Some Christian friends have told me that they find comfort in knowing that after death, they will be in the kingdom of heaven for eternity.  It’s not death that I fear or struggle with, it is the living day to day that I struggle with, that I am anxious of.  It is in living day to day that I worry about paying the bills, eating enough and the right kind of food, performing well at work, and wondering if I will ever find lasting love. Then sprinkle some brain tumor on top.  It’s like Miracle-Gro for anxiety.

So, yeah, sign me up for some of that transformation by the renewing of my mind, please.  My attitude and outlook need some refreshing and uplifting; only then can I hope to be refreshing and uplifting to others as I so desire.

Thank you for reading… more will be revealed.

Dawn

Deciding to live

It just occurred to me a few minutes ago, after returning home from walking Saffie, that I had decided to live as though I’m living again.  I wanted you to be the first to know!

I don’t understand what happened to me just over a month ago.  When I received the follow-up call from the neurosurgeon’s nurse that my MRI showed no tumor growth, the best possible outcome that I could dare hope for, I spiraled down into melancholy and despair.  Some unseen balloon inside me was popped and my faith and hope leaked out.

I stopped researching, stopped writing, stopped reading other brain-tumor patients’ blogs.  I ran out of energy to care.   I had given up on living, and was just existing.

It did not help that I couldn’t sleep.  I was physically exhausted since I had been doing the most labor-intensive work than I had done in 20 years, cleaning animal kennels 40 hours/week.  However, the anxious little hamsters in my head ran around on their wheel all night long, assaulting me with “what ifs” and “why bothers”.

Last week, I finally gave myself permission to not criticize myself for wanting to do nothing except sit on the couch and eat my non-dairy ice cream and binge-watch a TV series every night after work.  I finally let myself off the hook for no longer giving a shit, for not doing the things on my list, for letting my dishes pile up in the sink, for having no plans for a secure future. I let myself off the hook for not meditating enough, for not eating healthy enough, for not trying medical marijuana, for not visualizing the tumor shrinking, for not praying enough or the right way, for not having faith that I’m going to be healthy, and for feeling anxious and depressed after hearing that this fucking tumor did not grow.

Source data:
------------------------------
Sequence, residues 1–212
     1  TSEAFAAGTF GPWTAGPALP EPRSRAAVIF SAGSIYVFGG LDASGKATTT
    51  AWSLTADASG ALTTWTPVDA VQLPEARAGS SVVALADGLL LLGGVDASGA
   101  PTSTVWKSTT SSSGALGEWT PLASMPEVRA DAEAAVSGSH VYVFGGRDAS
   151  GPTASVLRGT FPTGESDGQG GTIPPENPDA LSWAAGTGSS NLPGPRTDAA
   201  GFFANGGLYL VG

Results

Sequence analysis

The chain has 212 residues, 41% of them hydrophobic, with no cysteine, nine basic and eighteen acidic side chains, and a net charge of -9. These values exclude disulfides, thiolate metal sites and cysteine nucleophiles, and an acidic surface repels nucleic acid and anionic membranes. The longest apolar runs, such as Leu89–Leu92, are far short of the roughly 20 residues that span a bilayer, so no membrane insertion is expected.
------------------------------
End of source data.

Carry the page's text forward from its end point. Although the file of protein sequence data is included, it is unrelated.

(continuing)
So what shifted? Did I finally sleep enough?  Finally watch enough streaming TV? Spend enough hours scrolling through Facebook instead of meditating? Did all of that not giving a shit finally force me to let go of my insane desire to control what’s going on in my head?

I really don’t know.  Yesterday after work, instead of coming home and binge-watching tv while binge-eating ice cream, I took my dog hiking in the mountains. Today, instead of napping, I hung out with a friend I haven’t seen in a month, and spent a couple hours studying for a course I started a year and a half ago.  Then it quietly occurred to me, a few minutes before writing my first post in over a month, that I feel like I’m ready to live again instead of just existing in fear of this thing in my head growing.

It’s nice to be back.  I’ve missed me. 🙂

Thanks for reading… more will be revealed!

Dawn